Iberia airline denies that pilot made 'Palestine' remark
Spanish airline Iberia says it has found that the "Palestine comment" allegedly made by one of its pilots, was misunderstood.
The airline investigated complaints that the captain of a flight arriving in Israel announced he was "landing in Palestine".
Iberia found the captain adhered to the standard format, naming only the airports of origin and destination.
Passengers might have confused similar sounding words, the airline said.
Passengers said the pilot made the announcement mentioning Palestine in Spanish, and then said in English the plane was about to land, without mentioning Palestine or Israel.
During the subsequent investigation by the airline, crew members and several Spanish-speaking passengers confirmed that the announcement, given first in Spanish and subsequently in English, was "… we're now descending to land at our destination, Tel Aviv…".
The airline believes the confusion could have been caused by the similar sound of the Spanish words "destino", meaning "destination", and "Palestina".
"Both the company and the crew regret the misunderstanding and that some of our customers could have been offended by it," the airline said in a statement.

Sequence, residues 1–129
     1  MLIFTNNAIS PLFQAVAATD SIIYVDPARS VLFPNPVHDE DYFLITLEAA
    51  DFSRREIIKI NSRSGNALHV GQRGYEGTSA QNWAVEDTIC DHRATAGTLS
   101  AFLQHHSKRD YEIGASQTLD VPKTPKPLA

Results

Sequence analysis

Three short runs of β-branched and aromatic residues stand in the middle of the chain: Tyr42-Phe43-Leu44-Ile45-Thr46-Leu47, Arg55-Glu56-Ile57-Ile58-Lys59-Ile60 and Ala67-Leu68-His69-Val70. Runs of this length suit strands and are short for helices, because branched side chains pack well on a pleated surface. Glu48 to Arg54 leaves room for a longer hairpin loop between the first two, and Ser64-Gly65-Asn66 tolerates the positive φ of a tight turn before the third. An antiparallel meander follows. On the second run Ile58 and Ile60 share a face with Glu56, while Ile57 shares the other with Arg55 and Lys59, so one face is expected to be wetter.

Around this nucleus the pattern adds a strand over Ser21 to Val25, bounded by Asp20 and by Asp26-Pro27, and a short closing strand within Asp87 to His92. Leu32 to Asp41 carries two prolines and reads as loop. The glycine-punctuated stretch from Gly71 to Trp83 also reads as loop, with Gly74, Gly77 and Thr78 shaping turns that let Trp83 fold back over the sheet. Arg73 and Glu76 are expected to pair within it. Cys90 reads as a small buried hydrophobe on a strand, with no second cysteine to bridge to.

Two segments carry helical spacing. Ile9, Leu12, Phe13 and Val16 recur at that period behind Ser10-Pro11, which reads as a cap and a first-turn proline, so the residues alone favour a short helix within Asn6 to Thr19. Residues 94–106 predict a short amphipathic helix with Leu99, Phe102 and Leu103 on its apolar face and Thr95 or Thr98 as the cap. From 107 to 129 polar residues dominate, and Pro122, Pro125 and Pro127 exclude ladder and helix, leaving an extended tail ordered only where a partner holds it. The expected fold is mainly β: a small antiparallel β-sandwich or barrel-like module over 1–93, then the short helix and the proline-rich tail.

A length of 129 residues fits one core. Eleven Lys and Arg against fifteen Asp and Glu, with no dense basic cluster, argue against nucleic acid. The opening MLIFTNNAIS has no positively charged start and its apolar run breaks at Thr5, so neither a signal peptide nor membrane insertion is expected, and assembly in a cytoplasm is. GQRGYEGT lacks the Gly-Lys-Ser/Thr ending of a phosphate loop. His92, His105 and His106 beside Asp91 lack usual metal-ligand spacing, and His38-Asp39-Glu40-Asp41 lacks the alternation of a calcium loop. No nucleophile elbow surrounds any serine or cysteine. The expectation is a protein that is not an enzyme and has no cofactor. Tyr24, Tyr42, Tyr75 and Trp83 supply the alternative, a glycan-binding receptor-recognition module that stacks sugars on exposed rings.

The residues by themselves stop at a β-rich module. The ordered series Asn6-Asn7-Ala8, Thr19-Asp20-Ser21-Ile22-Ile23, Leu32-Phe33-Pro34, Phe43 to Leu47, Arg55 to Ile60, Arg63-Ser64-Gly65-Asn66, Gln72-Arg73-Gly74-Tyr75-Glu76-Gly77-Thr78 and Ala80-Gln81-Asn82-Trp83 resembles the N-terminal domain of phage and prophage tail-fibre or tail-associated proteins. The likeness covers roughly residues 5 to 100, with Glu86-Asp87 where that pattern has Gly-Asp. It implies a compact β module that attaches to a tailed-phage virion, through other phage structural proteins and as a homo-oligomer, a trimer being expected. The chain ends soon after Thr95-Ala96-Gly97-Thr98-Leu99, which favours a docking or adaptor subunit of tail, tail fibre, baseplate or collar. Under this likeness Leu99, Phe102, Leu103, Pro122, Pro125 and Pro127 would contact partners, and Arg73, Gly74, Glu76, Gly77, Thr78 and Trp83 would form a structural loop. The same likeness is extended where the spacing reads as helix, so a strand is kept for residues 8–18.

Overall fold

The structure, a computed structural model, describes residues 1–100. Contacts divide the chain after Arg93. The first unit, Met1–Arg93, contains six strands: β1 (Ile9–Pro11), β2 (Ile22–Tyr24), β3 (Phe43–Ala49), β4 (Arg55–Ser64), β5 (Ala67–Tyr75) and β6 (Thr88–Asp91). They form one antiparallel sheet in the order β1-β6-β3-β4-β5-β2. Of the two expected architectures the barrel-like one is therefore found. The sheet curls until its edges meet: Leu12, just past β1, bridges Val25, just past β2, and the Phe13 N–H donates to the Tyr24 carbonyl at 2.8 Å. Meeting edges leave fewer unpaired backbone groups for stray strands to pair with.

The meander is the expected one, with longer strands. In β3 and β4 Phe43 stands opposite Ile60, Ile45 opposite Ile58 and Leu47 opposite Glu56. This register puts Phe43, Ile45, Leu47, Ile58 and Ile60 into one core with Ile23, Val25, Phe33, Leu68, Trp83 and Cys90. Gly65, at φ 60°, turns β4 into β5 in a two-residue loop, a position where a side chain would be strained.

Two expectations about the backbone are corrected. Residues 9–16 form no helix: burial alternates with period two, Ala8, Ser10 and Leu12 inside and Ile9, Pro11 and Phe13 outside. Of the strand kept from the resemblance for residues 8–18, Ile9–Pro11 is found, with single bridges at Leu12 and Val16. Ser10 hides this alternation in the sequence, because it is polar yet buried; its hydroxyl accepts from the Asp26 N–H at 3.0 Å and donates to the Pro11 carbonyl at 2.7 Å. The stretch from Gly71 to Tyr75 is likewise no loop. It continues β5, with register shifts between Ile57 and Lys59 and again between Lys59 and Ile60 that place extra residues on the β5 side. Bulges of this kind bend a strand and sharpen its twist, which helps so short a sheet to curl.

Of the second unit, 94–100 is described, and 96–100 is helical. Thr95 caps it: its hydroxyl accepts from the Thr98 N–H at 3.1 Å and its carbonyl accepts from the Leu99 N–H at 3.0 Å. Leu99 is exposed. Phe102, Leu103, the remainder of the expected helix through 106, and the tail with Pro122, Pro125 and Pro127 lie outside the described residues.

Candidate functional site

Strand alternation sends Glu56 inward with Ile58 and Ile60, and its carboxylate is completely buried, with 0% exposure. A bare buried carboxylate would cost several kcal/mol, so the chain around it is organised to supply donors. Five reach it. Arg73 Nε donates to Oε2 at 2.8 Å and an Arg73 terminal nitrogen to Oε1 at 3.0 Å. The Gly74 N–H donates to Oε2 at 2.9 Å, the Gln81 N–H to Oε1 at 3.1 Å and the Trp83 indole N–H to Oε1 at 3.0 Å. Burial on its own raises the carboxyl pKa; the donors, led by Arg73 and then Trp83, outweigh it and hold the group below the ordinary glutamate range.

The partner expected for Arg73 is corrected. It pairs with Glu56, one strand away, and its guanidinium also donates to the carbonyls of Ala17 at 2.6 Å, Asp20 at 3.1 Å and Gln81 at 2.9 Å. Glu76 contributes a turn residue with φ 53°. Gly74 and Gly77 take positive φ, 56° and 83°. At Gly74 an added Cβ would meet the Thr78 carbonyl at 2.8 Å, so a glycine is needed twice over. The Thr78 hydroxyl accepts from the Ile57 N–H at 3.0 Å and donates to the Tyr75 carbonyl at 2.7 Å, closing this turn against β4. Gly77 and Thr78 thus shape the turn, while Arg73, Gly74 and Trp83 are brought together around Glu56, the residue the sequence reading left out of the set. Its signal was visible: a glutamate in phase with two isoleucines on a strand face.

The incident happened as the Iberia Airlines flight 3316 approached Tel Aviv's Ben-Gurion airport on Wednesday, Israeli media reported.
One Israeli passenger, named only as Lior, told Israel's Channel 2 TV: "We were just in shock, I don't understand why he said that.
"We live in the State of Israel and he should have said 'Israel', he didn't absentmindedly say it in English, it was intentional."
Another passenger wrote a letter of complaint to Iberia, saying: "My family and I were terribly offended. It was not at all acceptable and has done a disservice to your company."
Passengers took exception to the pilot's alleged remark because of its implicit non-recognition of the State of Israel.
The land which comprises Israel had been known as Palestine from Roman times. It became British Mandate Palestine following the collapse of the Ottoman Empire in World War One until the Mandate expired and Israel declared independence in 1948.
Since then, ideological opponents of the Jewish state, among others, have continued to apply the historic name of Palestine to the area which became Israel.
Israel and the Palestinians officially back a two-state solution to their conflict, with a Palestinian state emerging alongside Israel, but years of on-off peace talks have so far been unsuccessful.